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Meeting for coffee has become more complicated

Cathy McLean, executive director of SCONA Seniors Centre in Edmonton, offers members valuable connection through phone chats. Phone and online visits have become even more important during the COVID-19 restrictions on socializing. Photo: Kate Wilson

The relationship seemed to blossom online and there were prospects of romance. But the victim, an Alberta woman, ended up with an empty bank account and emotional upheaval. 

The woman, whose name has been withheld, met her hopeful partner on a dating site. They developed a rapport over about three months.

“The scammer told the victim they had a shipping company and were currently working overseas on a contract. They said they’d obtained a large quantity of gold and would bring it back, but may need the victim’s help,” said Edmonton police detective Jason Lapointe.

The scammer always had an excuse why he couldn’t talk, but when finances came up, the victim was asked to send money with promises it would be paid back. 

Through several money transfers and stories of border tie-ups and shipping fees, the woman ended up sending about $150,000.

This type of romance scam is part of an alarming trend. The Better Business Bureau reported romance scams as the third most risky in Canada in 2019, behind timeshares and advance-fee loan scams. For dollar loss alone, romance fraud was in top spot last year, along with crypto currency fraud. 

The fact that older adults have a higher probability of financial stability can play against them, said Lapointe.

“Older adult are vulnerable-- especially widows, widowers and recent divorcees. Scammers can really tug on their heart strings and manipulate them,” Lapointe said.

Edmontonians reported 10 romance scams in 2017, for a total loss of nearly $370,000. That jumped to 62 incidents last year. There have already been 40 reported incidents in 2020, costing $2.4 million. The victim’s average age is 52 years.  

“But many don't report. A lot stems from embarrassment once they realize they have been scammed,” he said. “Withholding the amount of money that was sent and the way it was sent doesn’t help. Police need that information to attempt to trace it and determine who received it. It may be uncomfortable to report, but police are here to help, not judge."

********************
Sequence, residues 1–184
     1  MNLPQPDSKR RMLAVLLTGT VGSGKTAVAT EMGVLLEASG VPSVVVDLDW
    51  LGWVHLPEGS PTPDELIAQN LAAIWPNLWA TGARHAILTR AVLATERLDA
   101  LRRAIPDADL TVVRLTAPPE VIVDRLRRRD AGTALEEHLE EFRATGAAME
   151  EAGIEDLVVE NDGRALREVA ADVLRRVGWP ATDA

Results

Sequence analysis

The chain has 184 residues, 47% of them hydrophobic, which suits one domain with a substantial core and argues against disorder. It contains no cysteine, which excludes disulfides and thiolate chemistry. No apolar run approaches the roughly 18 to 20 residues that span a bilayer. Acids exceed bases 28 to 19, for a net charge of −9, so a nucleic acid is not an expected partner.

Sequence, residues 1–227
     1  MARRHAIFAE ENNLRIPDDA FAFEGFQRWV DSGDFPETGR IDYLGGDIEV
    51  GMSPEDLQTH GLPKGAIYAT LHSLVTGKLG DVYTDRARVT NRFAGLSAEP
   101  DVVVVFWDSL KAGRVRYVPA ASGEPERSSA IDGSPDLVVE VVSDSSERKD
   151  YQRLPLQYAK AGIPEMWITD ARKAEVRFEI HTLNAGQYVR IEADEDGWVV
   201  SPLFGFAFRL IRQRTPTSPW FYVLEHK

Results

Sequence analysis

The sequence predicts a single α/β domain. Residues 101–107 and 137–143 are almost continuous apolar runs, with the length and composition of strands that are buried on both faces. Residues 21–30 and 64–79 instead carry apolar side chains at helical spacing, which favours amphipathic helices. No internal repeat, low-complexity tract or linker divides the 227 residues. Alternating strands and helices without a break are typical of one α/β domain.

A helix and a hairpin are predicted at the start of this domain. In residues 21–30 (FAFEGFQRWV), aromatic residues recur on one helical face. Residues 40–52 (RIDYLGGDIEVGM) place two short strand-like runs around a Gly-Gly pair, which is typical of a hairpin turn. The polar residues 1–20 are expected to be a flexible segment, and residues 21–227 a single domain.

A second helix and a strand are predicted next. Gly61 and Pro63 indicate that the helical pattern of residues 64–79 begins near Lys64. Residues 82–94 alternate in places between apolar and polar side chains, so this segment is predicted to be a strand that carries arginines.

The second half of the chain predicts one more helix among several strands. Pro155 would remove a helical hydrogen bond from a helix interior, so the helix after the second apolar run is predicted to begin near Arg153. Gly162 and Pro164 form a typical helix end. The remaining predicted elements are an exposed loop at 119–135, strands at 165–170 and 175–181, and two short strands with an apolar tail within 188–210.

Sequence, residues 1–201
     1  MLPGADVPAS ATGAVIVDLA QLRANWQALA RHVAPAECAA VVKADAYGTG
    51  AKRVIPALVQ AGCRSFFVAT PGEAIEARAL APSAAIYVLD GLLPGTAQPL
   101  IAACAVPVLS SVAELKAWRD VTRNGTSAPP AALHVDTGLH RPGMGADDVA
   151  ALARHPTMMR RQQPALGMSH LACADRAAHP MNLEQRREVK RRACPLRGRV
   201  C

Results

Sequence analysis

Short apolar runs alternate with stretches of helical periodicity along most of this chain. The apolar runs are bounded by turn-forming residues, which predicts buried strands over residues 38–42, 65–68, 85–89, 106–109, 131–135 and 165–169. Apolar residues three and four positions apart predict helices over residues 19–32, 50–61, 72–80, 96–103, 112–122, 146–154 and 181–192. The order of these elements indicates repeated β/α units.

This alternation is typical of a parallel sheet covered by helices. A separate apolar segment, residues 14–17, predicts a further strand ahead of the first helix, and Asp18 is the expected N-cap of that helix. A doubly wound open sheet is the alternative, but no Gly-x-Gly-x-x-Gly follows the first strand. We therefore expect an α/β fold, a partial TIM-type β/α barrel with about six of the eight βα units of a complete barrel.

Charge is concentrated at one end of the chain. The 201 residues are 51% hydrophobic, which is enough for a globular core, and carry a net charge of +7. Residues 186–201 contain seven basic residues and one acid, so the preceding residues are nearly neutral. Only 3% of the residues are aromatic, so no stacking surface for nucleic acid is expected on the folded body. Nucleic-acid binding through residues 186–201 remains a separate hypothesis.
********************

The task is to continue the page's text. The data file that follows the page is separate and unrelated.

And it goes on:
It's a difficult situation: predators may see COVID-19--and increased online meetups--as an opportunity, while at the same time, older adults are encouraged to go online to find companionship. 

Nick Chrapko, a director with the Alberta Council on Aging, said online dating is a way to counter loss of loved ones, loneliness and for finding companionship. The increase in romance fraud is hindering that.

“We hear through the grapevine that many are hesitant to talk about it if they’ve been taken in. It’s discouraging people to go online dating,” he said, noting there’s a mix of motivation in the senior community. 

“Some are looking for a friendly chat, but there is a sizeable number looking for longer lasting relationships.”

Seeking ways to connect

Social isolation has been recognized as a societal problem and COVID-19 has only heightened the matter, said Mitzi Murray, executive director of the THIRD ACTion Film Festival in Calgary.

Her organization recently presented the 2014 documentary The Age of Love, about 70+ seniors trying out speed dating for the first time.